I would advise you not to rub too vigorously because when the P-Dawg was making this gyotaku, a very small amount of fish guts leaked out and got stuck to the paper. I had to Photoshop them out.

For our first gyotaku, I think it turned out pretty well. Next time, perhaps a slightly thinner layer of ink would bring out some more detail.

the fish print_edited-1

(The P-Dawg wants you to know that his fish rubbing is not yet complete, as he plans to embellish it with a golden eyeball. He also wants you to know that he doesn’t consider this fish a “trophy” catch.)

Here’s what we used:

  • One small perch from LaDue Reservoir in Geauga, Ohio
  • Sumi ink
  • Japanese kozo paper (because it’s lightweight but very durable, so it molds easily to the fish

The Fish

the ink_edited-1

The Ink

inking the fish_edited-1

The Inking

gyotaku with guts

The Print (Unedited)

I didn’t get a good photo of the rubbing process, but basically you place a piece of paper over the fish and . . . rub it.

(This post was cross-posted on my other blog, here.)

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Artist’s Dilemma

I Did Not Draw This

I Did Not Draw This

Today I was reading in the sunroom when I heard a loud buzzing sound. I turned my head to see a gigantic insect ricocheting from window to window and at first I thought it might be a wasp, but when it stopped to rest on the wall I could see that it wasn’t.  It was like a cross between a beetle and a dragonfly and Franz Kafka, and it was quite impressive in that grotesque way that large unidentifiable bugs are.

I killed it with the Yellow Pages.

Then I put the Yellow Pages on top of the dead insect and made a mental note to ask the P-Dawg to remove it when he comes home from work. There are situations in which I will personally remove a bug that I’ve killed, but not if it’s juicy.

I went back to reading my book though there was no longer any joy in it. I knew there was a big dead bug right next to the couch and there was no way I could un-know it. It also occurred to me that instead of killing that bug, I should have tried to draw it.

One thing I feel I don’t do enough as an artiste is draw from life. This is due partly to the fact that I’m fond of mythical creatures like dragons and mermaids. I know that in order to improve, I should practice drawing real things, but the fact is that I’ve been stuck inside the house all winter, the houseplants are dead-ish, and I don’t feel like sketching a bowl of bananas. That bug was the best thing that ever happened to me from a drawing from life standpoint, and I killed it.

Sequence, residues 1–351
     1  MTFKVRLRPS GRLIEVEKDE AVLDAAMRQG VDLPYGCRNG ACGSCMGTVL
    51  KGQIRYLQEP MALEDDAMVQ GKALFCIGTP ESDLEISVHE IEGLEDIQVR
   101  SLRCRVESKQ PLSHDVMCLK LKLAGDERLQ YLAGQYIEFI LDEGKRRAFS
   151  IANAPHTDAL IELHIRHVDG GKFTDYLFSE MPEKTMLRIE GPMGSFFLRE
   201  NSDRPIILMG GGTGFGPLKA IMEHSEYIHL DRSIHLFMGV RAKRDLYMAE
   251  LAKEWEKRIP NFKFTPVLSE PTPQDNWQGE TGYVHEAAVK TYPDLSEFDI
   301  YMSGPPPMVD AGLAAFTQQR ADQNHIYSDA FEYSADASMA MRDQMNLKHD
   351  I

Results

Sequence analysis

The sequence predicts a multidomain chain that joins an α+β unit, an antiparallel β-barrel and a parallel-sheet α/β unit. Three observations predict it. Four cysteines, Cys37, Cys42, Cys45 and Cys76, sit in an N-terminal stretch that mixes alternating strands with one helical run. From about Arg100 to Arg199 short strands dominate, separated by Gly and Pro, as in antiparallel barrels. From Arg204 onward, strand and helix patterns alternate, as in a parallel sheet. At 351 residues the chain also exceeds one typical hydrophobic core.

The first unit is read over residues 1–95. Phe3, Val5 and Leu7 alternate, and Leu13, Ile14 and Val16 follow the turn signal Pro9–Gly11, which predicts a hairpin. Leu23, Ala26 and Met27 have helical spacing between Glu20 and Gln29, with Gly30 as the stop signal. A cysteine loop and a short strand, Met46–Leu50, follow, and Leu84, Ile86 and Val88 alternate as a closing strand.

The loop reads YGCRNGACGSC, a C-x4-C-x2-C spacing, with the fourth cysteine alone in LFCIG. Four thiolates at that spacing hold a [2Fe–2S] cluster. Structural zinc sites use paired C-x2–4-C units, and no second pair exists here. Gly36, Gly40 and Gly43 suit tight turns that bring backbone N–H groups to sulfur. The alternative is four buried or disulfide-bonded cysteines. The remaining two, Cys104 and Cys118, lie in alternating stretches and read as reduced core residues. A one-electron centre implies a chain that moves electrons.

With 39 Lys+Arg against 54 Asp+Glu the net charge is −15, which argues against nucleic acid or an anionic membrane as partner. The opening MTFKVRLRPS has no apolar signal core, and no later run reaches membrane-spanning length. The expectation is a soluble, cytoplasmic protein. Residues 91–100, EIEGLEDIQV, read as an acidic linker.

Eventually I went over and lifted the phone book just to see if there was anything left for me to work with.

There wasn’t.

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I, Rima, Am a Creative Genius (Just Kidding)

IMG_1909Once upon a time I became weirdly interested in the blog of a Dutch woman who lived alone, seemed to have few friends or acquaintances, and rarely left her apartment. Yet she wrote, almost daily, about every detail of her waking life. Some days the Dutch woman would opt for English breakfast tea instead of Earl Gray, or notice that the eucalyptus was especially fragrant. The day she decided to re-arrange her living room furniture was like a ratings sweep episode for me.

She never disclosed her name or revealed any truly identifying information, but she did suggest that she was writing the blog as a form of therapy. I don’t know if I was taken with it because it was such an intimate window into a life very different from mine, or if I was just waiting to see if the Dutch woman would eventually leave her apartment. But I do remember being fascinated by her descriptions of the mundane, the way that simply by recording these things, she somehow elevated their importance. One day the blog just disappeared. I worried that something had happened to the Dutch woman and felt badly that I’d never commented. (But if truth be told, I would have not known what to say – just reading her words felt like a sort of intrusion.)